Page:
When a young girl dies in a car crash, Quincy's investigation leads him to some disquieting numbers about emergency room care and the need for trauma centers to handle the critically injured.
Did You Know?
When Bruce Anderson arrives at the hospital, he is wearing MAST (Medical Anti-Shock Trousers) aka PASG (Pressurized Anti-Shock Garment) and the doctor opens the Velcro fly on them to examine his injuries. Developed during the Vietnam war era to help combat shock caused by blood loss to the core (such as through hypovolemia) by pushing blood out of the legs and into vital organs by inflating air pockets in the "pants", MAST was commonly used into the 1980's for trauma patients. However, concerns about clot rupture and vascular damage, combined with inconsistent benefits to patients that have injuries above the waist, have reduced the use of MAST at present. See more
The emergency medical response in this show is inaccurate for L.A. County in that era. The standard response to a car accident (MVA) with injuries was an engine company and a rescue squad. (see the more realistic EMERGENCY! as an example). Paramedics ride a non-transport rescue squad utility body light truck to the scene and an ambulance service transports to the hospital, often with one paramedic in the back to care for the patient. In contrast, this episode has two EMT's arrive in a van ambulance that appears to be a fire department vehicle.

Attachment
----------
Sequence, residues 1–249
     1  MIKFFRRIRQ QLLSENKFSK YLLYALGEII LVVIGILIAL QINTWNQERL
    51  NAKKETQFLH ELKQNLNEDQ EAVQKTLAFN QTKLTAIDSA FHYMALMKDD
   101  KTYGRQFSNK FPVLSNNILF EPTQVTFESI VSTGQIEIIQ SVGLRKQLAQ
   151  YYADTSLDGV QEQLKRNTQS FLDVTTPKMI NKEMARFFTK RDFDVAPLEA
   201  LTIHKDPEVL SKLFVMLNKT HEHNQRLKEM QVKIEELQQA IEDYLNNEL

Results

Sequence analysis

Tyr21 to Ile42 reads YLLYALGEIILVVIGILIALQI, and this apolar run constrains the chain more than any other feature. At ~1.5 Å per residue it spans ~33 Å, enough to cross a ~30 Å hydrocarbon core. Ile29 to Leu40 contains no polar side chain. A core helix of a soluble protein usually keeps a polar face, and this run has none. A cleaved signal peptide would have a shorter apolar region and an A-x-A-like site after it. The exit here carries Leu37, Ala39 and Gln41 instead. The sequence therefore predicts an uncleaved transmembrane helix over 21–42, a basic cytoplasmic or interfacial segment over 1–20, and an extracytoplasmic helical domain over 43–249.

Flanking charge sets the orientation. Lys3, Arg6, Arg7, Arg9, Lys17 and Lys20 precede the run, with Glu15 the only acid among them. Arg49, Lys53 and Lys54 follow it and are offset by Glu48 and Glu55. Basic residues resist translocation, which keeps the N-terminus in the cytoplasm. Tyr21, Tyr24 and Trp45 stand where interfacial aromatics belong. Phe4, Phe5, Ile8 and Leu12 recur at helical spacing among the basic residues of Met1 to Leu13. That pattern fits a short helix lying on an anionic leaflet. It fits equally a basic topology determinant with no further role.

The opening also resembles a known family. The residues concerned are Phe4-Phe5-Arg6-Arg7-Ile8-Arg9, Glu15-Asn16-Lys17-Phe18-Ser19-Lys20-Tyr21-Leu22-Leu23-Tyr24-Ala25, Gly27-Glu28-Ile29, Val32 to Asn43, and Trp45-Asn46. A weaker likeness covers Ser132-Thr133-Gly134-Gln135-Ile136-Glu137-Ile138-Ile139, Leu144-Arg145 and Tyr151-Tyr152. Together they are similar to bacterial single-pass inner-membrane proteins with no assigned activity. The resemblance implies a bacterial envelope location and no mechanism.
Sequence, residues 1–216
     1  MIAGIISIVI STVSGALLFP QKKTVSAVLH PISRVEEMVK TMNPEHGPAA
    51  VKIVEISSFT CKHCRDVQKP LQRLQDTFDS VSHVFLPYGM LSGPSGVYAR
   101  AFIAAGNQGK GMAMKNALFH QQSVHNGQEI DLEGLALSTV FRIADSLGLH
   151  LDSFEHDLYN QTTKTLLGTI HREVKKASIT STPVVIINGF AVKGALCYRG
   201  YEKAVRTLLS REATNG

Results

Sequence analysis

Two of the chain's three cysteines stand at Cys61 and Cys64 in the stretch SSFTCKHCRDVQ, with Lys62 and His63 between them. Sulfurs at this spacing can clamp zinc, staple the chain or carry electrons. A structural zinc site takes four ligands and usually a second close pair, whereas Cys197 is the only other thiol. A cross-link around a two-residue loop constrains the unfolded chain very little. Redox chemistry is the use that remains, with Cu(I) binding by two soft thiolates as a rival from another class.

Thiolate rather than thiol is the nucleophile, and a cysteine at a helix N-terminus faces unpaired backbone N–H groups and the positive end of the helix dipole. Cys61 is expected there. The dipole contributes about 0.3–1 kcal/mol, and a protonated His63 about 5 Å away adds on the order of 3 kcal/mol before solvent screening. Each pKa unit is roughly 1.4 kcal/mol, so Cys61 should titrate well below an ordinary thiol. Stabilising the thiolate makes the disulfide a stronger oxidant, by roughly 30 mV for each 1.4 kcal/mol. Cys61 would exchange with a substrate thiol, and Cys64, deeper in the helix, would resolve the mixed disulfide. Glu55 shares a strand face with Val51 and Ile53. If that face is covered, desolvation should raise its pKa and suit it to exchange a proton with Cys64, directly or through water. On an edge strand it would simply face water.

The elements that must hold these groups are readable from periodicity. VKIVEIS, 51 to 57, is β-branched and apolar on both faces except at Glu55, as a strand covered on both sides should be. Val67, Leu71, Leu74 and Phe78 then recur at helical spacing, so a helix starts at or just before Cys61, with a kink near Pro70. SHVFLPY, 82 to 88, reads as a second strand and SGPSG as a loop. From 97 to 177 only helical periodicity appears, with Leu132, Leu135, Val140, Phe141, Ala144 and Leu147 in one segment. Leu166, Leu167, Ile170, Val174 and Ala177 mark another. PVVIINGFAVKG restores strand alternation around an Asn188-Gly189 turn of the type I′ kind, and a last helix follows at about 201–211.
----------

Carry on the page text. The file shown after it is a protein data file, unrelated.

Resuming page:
What did they well enough? The radio transmissions to the hospital were realistic, and they had the Biophone and drug box. Interestingly enough, the actors somewhat resemble the paramedic characters John Gage and Roy DeSoto from EMERGENCY! even in their mannerisms. See more